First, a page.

How does working with your contemporaries compare to working with newbies?
They're all great for different reasons. I was a big fan of [Queen Latifah] and Jada [Pinkett Smith]. I didn't know Tiffany, but working with her I became a big fan. And with them I could just be crazy. On "Support the Girls" I felt like I had to be more of an example — I couldn't be acting wild; they could go home and tell their mama about me. I didn't have that with my peers.
What was your reaction when you saw what a runaway success "Girls Trip" became?
My dog died five days after that movie came out, so I was really too sad to celebrate it and it was kind of a blur. But nowadays when people come up or are, like, "I love the movie," I love it. I love that women were proud of it, but I really love that black women felt positively and accurately represented.
Do you keep in touch with the rest of the cast?
I do. It's challenging because they're always working. Jada's been traveling, but she and I have a playdate set. I just saw 'La when I was in Atlanta. Tiffany's in New York, we almost saw each other but she got there late and I had to catch a plane. We try to keep in touch; it's actually really nice. The Flossy Posse became real.
Do you think there will be a sequel?
Yeah, I think there could be a sequel. We're trying to see if all the elements can come together like a script and scheduling. But, yeah, we're all definitely in talks to make it happen.
Your next movie, "The Hate U Give," deals with some very serious subjects, including police shootings and protests. How do you think it’ll be received when it comes out?
I hope people will see it, it's a powerful movie. Amandla [Stenberg] was so great in it. Everyone is, but it's her story. There are already people who are, like, "We're not going to let this book be read," but I hope before people make a decision about the story they actually watch the movie.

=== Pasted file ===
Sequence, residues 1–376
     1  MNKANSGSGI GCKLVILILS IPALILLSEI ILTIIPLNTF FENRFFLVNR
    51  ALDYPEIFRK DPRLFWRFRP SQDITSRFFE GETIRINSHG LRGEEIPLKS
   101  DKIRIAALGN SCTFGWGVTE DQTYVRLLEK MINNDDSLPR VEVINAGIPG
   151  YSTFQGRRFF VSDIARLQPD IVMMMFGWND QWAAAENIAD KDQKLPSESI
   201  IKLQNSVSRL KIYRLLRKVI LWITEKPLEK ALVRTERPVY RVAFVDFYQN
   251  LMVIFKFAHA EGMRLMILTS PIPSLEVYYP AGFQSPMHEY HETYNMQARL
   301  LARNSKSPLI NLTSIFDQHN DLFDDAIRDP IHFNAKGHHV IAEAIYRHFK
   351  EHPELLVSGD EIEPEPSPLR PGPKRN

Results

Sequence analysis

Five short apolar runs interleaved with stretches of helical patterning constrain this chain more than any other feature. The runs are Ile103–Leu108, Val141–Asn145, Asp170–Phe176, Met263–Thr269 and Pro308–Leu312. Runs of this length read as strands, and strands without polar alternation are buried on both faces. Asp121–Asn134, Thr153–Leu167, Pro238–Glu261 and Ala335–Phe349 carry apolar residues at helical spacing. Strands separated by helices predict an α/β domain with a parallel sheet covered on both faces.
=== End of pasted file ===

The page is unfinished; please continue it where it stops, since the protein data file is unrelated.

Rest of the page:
You move pretty effortlessly between drama and comedy, what was it like being in the show within a show on "Insecure"?
Issa [Rae] and I have wanted to work together for a long time. My agent called me and was, like, "We have an offer for 'Insecure' and I was, like, "What do they want me to play, Issa's friend?" And they're, like, "It's the role of Ninny, a slave." [Laughs] And I was, like, "What?" And they sent it to me and I read it and it was hysterical.
And now you have your first regular TV series role in several years coming up soon in Showtime's "Black Monday." What brought you back?
Don Cheadle [laughs]. I love Don Cheadle. A big, big, big fan of his.
Had you been looking to do a cable or streaming series for a while?
Yeah, I was open to it because of the schedule. I love movies, but there's a time frame that becomes challenging for me, so this kind of fit everything that I wanted. And I loved that it was a world that we don't really see black women in — it's Wall Street. And I loved that it was period [the ‘80s].
I was [also] glad that she wasn't just the wife. I mean, [the characters] are not married at all, but you see these great scripts and then the [female character’s] story line is part of the man's. But she has her own story line — she was a trader, the only female trader at the firm. And I loved also that they made her much more like one of the guys. She's really smart. So as opposed to being — "C'mon guys, you shouldn't do that" — that mothering kind, she's slightly just as bad as they are.